Micah is watching two girls pleasure each other (some sort of “study session,” no doubt) when Joe is brought to him. The girls are dismissed and Micah allows him to remove his mask, but not sit with him at his table. Micah gives him “mad props” for what Joe did with his cult, and wants to know how he was able to get them to kill for him. “I was always able to connect with people,” Joe offers. Micah wants to know why he should welcome him to his cult. He is not impressed with the $30k Joe brought with, so he says simply that he could be “helpful to the cause.” This is “the Micah show,” and Joe needs to be down with that. He kneels to prove his subservience.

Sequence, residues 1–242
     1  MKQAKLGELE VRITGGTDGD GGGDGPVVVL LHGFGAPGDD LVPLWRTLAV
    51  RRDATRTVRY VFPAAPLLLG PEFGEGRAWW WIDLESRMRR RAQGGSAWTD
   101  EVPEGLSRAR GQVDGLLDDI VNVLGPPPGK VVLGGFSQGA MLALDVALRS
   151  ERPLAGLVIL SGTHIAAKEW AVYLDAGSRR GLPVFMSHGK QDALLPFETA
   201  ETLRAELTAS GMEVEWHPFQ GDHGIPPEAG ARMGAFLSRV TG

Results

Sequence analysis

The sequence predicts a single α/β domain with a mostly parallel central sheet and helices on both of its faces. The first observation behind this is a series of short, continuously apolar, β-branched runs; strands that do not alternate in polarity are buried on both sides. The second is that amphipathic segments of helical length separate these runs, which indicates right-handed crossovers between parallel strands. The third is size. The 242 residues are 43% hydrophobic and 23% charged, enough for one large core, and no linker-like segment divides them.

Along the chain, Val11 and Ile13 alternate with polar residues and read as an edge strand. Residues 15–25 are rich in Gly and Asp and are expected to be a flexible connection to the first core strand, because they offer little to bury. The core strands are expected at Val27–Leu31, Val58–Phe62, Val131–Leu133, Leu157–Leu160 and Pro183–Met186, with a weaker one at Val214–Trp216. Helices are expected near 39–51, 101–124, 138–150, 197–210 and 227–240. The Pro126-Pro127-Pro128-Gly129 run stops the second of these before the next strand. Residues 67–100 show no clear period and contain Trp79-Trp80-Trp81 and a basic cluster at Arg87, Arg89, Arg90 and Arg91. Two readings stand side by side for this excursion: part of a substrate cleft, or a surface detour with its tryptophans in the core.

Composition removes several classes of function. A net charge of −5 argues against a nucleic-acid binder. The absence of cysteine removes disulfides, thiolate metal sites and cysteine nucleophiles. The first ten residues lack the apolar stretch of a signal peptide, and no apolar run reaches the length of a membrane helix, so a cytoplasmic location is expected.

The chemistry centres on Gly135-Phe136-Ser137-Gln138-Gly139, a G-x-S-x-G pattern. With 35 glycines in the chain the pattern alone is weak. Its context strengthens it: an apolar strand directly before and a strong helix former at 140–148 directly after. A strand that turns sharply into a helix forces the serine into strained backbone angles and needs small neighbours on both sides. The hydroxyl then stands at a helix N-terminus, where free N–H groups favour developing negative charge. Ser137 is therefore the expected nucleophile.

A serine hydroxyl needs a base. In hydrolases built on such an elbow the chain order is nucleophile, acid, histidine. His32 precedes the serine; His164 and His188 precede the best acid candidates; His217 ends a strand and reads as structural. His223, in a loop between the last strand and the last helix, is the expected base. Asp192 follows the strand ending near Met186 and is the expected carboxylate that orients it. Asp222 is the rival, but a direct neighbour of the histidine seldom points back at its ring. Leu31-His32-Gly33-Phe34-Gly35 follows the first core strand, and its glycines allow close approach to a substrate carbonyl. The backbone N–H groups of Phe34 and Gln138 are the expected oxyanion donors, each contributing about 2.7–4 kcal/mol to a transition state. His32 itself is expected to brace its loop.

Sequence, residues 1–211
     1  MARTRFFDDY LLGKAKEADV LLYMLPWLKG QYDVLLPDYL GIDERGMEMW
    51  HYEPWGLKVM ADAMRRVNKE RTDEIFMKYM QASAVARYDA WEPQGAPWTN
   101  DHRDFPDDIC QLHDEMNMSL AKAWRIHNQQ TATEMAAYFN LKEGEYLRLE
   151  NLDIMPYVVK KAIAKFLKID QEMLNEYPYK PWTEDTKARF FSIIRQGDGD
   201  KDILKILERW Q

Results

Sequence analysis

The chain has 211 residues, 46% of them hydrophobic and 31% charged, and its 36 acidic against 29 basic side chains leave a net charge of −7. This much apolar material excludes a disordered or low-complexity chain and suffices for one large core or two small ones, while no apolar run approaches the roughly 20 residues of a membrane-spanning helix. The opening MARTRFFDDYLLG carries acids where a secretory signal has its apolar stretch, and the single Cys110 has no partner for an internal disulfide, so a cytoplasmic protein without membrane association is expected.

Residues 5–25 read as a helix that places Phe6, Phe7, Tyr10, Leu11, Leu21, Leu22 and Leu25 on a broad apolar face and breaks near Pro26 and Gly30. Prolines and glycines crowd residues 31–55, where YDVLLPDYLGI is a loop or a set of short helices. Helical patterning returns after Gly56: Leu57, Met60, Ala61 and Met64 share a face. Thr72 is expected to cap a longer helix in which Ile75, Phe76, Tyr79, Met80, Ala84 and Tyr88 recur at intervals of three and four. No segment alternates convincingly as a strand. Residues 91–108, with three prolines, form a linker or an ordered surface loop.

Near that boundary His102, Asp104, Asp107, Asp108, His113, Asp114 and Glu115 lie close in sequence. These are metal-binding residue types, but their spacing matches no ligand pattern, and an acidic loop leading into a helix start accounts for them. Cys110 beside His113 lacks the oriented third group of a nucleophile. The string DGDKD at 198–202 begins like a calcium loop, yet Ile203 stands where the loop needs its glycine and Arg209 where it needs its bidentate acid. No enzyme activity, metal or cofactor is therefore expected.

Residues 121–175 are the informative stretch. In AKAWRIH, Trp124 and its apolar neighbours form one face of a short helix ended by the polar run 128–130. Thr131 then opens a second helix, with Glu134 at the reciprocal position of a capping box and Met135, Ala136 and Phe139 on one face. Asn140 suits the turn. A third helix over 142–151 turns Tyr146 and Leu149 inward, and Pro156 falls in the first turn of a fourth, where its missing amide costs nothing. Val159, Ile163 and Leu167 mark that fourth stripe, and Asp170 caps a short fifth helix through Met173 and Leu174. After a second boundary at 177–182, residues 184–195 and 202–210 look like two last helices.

Next, Julia takes Joe to another room and straps him down in a chair. This is the Reckoning, which is basically a glorified lie detector. Joe is amused; he has beaten them in the past, but Julia seems to think that he won’t beat hers. In answer to her most pertinent questions, Joe admits he doesn’t believe he needs to reform, has killed in the last week - and gets a sexual thrill out of it, and his only motive to coming to Micah’s cult is to start anew. They are done, and Julia won’t reveal the results to Joe. She does tell Micah that he is all truth, which pleases Micah greatly. Of course, I am not convinced that she is being completely honest.